Being a prominent religious city and located on the main highway it has always been on the hit list of the invading armies.
Its dauntless spirit always made it to rise up after every fall. Krishna told Arjun in Gita that whenever there is darkness and loss of Dharma he would take incarnation to uplift and reestablish the Dharma order and rule of law , ominously Mathura recovered miraculously after its devastation at the hands of Huns.
After Sikander Lodhi's destruction it saw the revival through Chaitanya Mahaprabhu 's disciples, Vallabhacharya , music maestro Haridas , Mirabai , Surdas , and innumerable devotee poets and saints. Again when Aurangzeb let loose hell over this sacred city, Jats and Marathas proved saviours of its cultural vestiges. People mostly regarded it only as a Vaishnava religious city and termed Krishna, its presiding deity, as a mythological figure. It was rediscovered by the civilized world in when Colonel L.
Stacy chanced upon a mound and got unearthed an antiquarian masterpiece popularly known as Silenus and a Cage-bearing Yakshi. It turned out to be a groundbreaking momentous discovery. The renowned archaeologist Alexander Cunningham became quite fascinated with Mathura. Between and he made several trips to the city and its outskirts and carried out excavation work in different mounds.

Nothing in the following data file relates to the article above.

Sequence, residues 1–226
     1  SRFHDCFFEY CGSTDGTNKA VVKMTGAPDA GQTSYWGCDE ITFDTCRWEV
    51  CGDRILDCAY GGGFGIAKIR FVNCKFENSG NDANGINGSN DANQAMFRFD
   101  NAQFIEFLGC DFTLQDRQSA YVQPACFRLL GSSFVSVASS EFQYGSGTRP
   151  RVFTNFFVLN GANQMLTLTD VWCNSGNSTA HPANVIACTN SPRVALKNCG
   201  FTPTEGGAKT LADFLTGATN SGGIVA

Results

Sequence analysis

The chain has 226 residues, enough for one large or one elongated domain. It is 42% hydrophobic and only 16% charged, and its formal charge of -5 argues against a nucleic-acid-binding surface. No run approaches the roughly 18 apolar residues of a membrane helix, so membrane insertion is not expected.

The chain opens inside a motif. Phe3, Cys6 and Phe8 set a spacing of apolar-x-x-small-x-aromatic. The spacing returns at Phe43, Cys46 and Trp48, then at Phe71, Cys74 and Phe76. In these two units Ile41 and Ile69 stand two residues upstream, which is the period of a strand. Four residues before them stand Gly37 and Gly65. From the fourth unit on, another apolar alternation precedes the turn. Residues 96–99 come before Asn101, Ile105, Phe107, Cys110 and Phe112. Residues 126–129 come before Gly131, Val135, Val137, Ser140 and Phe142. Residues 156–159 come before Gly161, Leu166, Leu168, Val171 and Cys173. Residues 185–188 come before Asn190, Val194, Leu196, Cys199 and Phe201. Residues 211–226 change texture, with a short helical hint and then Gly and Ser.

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These mounds proved to be a goldmine of classic sculptures. He and an archaeologist administrator, F. Growse Collector of Mathura made herculean efforts in bringing out innumerable sculptures and art pieces and in the process unveiled the historical, social, economic and political life of Mathura in last about 2, years. Recovery of huge haul of sculptures, inscribed stone-pieces, coins and architraves proved beyond doubt that Mathura in ancient times was a great centre where not only Hinduism, but Buddhism and Jainism also flourished.
This book is a humble attempt to piece together these scattered historical facts. It is rather a spiritual journey into Mathura's colourful history.
There is some magnetism in Mathura, popularly known as Brajbhoomi, because once in Mathura's lands, one feels immersed in the devotional feelings. This magical land erstwhile was a melting pot of a diverse cultural heritage—rich, diverse and colourful. Hence we hope that tourists, pilgrims and the followers of Krishna, Buddha and Mahavira will find in this book some food for their thoughts.